The frequency of thyroid gland invasion in advanced laryngeal malignancy: an audit of total laryngectomy histological specimens

Makepeace, A H
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Background Thyroid gland involvement in advanced laryngeal malignancies is a rare entity, mostly resulting from direct contiguous spread from anterior and inferior tumours. Reported practice is to perform a hemithyroidectomy at the time of laryngectomy. However, this results in pointless excision of functional tissue and the added morbidity of hypothyroidism post operatively. Aim The aim of this study is twofold: firstly, to assess the frequency of thyroid gland involvement in laryngectomy specimens from Chris Hani Baragwanath Hospital, and secondly, to determine any association between the anatomical subsites of tumour and thyroid gland involvement. Methods This is a retrospective clinical audit of histological reports on laryngectomy specimens collected over a 10 year period from January 2005 and December 2014. The study was conducted at Chris Hani Baragwanath Hospital, affiliated to the University of the Witwatersrand, in South Africa. ENT operating registries and the laboratory database were used to access all records of total laryngectomies done over the 10 year period. Seventy-three laryngectomies were done, 9 were excluded as no thyroid tissue was included in the sample and 1 was excluded due to inadequate demographic detail. Thus a total of 63 histological reports were included in the study. Data extracted included age, race, sex, pathological stage of tumour, thyroid gland involvement and anatomical subsites involved by tumour (subglottis, anterior commissure and transglottic tumours). Data was analysed using standard statistical methods including a Fischer-exact test and an ANOVA association test. Statistica software was used. Results Four of the 63 cases had thyroid gland involvement (6.35%). The majority of the patients were black males in the age group 50 to 60 years of age. The tumours were all advanced laryngeal malignancies and only 2 of the 63 cases were found to have a diagnosis of adenosquamous carcinoma and chondrosarcoma. None of the anatomical subsites were found to be statistically significant in association with thyroid gland involvement, however, this result was thought to be skewed due to the small number of tumours involving the thyroid gland. Conclusion In accordance with South African and international studies on the same topic, thyroid gland involvement in laryngeal tumours is a rare occurrence. Due to the complications of performing a thyroidectomy and the hypothyroidism that accompanies it, a thyroidectomy should not always be performed. However, due to the recurrence rates and poor prognosis of patients with stomal recurrence (associated with thyroid gland involvement), thyroidectomy still needs to be considered. Based on known anatomical pathways of extralaryngeal spread of tumours via the anterior commissure, paraglottic spaces and those tumours involving the subglottis, selected patients require thyroidectomy at the time of laryngectomy to achieve adequate oncological margins.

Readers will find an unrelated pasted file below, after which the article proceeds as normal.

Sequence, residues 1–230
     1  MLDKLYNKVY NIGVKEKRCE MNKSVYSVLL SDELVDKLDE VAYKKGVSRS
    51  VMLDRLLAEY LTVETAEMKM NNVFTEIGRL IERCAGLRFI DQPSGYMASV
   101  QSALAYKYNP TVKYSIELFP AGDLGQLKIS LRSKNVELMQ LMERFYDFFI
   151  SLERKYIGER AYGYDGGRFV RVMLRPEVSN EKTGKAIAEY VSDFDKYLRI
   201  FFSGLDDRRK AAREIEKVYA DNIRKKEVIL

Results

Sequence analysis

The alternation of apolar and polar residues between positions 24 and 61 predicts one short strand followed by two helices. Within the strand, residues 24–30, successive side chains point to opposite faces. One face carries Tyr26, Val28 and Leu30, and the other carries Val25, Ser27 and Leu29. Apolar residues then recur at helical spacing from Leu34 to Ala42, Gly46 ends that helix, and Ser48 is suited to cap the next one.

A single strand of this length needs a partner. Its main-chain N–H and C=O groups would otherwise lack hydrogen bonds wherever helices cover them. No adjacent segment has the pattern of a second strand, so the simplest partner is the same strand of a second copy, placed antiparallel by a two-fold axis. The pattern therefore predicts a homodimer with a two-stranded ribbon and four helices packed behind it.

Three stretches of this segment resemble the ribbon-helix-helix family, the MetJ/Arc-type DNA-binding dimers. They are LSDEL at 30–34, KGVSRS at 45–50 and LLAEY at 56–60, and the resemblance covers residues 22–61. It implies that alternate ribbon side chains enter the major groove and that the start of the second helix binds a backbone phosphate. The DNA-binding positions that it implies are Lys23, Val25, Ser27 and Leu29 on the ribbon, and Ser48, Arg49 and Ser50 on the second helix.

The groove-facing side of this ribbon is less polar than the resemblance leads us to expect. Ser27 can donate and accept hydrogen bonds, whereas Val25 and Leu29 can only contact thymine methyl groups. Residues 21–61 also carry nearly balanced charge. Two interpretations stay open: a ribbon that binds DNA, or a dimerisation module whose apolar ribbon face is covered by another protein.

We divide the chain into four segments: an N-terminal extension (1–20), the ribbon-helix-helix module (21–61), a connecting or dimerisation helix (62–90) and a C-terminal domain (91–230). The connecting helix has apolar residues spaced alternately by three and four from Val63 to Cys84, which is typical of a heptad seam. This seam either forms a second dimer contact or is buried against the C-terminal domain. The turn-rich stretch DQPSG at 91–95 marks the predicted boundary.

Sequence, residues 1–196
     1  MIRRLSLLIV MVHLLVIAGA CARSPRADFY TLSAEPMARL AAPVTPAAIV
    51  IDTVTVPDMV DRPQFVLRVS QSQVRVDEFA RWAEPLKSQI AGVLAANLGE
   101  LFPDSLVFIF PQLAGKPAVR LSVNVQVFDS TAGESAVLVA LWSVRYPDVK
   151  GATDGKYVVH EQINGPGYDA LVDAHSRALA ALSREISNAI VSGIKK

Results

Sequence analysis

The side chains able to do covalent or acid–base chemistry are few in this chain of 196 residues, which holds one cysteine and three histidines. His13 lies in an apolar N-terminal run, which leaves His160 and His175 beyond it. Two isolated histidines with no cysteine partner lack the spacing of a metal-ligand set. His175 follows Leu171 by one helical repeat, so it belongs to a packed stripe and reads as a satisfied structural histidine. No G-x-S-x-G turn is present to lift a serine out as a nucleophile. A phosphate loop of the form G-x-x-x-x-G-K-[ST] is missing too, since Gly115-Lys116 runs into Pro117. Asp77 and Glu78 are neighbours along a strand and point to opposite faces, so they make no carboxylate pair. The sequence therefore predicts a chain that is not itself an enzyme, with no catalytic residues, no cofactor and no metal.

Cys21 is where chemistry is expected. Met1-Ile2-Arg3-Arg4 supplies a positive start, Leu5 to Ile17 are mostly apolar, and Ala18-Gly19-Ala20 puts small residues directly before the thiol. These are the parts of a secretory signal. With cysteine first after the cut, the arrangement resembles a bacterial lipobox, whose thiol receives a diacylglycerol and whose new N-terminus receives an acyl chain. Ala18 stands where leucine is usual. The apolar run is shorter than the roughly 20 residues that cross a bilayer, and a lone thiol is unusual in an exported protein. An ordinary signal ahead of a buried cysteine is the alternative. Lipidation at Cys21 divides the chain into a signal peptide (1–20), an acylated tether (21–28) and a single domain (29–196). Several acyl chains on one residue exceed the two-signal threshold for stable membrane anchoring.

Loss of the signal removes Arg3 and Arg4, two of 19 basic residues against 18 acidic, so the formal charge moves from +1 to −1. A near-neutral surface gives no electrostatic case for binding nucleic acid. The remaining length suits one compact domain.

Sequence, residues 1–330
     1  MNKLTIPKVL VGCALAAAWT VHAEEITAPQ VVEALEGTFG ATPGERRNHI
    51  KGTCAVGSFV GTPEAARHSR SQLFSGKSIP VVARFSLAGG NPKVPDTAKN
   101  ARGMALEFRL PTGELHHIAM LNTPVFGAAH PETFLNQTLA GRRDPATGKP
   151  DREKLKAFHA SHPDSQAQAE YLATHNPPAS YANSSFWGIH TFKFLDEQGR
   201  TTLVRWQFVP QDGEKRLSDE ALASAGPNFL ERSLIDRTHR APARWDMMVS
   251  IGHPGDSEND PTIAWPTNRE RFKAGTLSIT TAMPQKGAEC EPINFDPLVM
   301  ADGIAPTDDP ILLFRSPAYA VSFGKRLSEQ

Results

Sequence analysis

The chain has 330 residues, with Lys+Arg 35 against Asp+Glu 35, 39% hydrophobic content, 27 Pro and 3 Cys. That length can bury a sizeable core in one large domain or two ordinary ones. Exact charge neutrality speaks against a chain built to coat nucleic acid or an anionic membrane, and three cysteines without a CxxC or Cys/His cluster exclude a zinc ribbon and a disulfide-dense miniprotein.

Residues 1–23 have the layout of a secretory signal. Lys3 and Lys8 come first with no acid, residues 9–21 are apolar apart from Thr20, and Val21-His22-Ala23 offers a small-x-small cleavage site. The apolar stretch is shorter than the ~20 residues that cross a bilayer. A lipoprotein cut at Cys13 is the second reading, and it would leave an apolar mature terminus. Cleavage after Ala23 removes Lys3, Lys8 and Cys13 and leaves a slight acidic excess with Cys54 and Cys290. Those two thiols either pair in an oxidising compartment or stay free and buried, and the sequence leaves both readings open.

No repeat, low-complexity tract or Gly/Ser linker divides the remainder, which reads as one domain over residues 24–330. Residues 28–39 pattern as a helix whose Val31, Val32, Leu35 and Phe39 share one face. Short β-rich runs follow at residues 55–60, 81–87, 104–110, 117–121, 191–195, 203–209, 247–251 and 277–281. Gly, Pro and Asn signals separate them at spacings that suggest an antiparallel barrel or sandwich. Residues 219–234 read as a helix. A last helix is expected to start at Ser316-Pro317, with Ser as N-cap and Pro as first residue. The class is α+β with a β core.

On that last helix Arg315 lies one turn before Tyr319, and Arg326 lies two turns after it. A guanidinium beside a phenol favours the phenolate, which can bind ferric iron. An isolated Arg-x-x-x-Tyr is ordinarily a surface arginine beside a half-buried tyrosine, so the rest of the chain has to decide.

This dissertation is submitted as a final copy as the University’s Academic and Clinical supervisor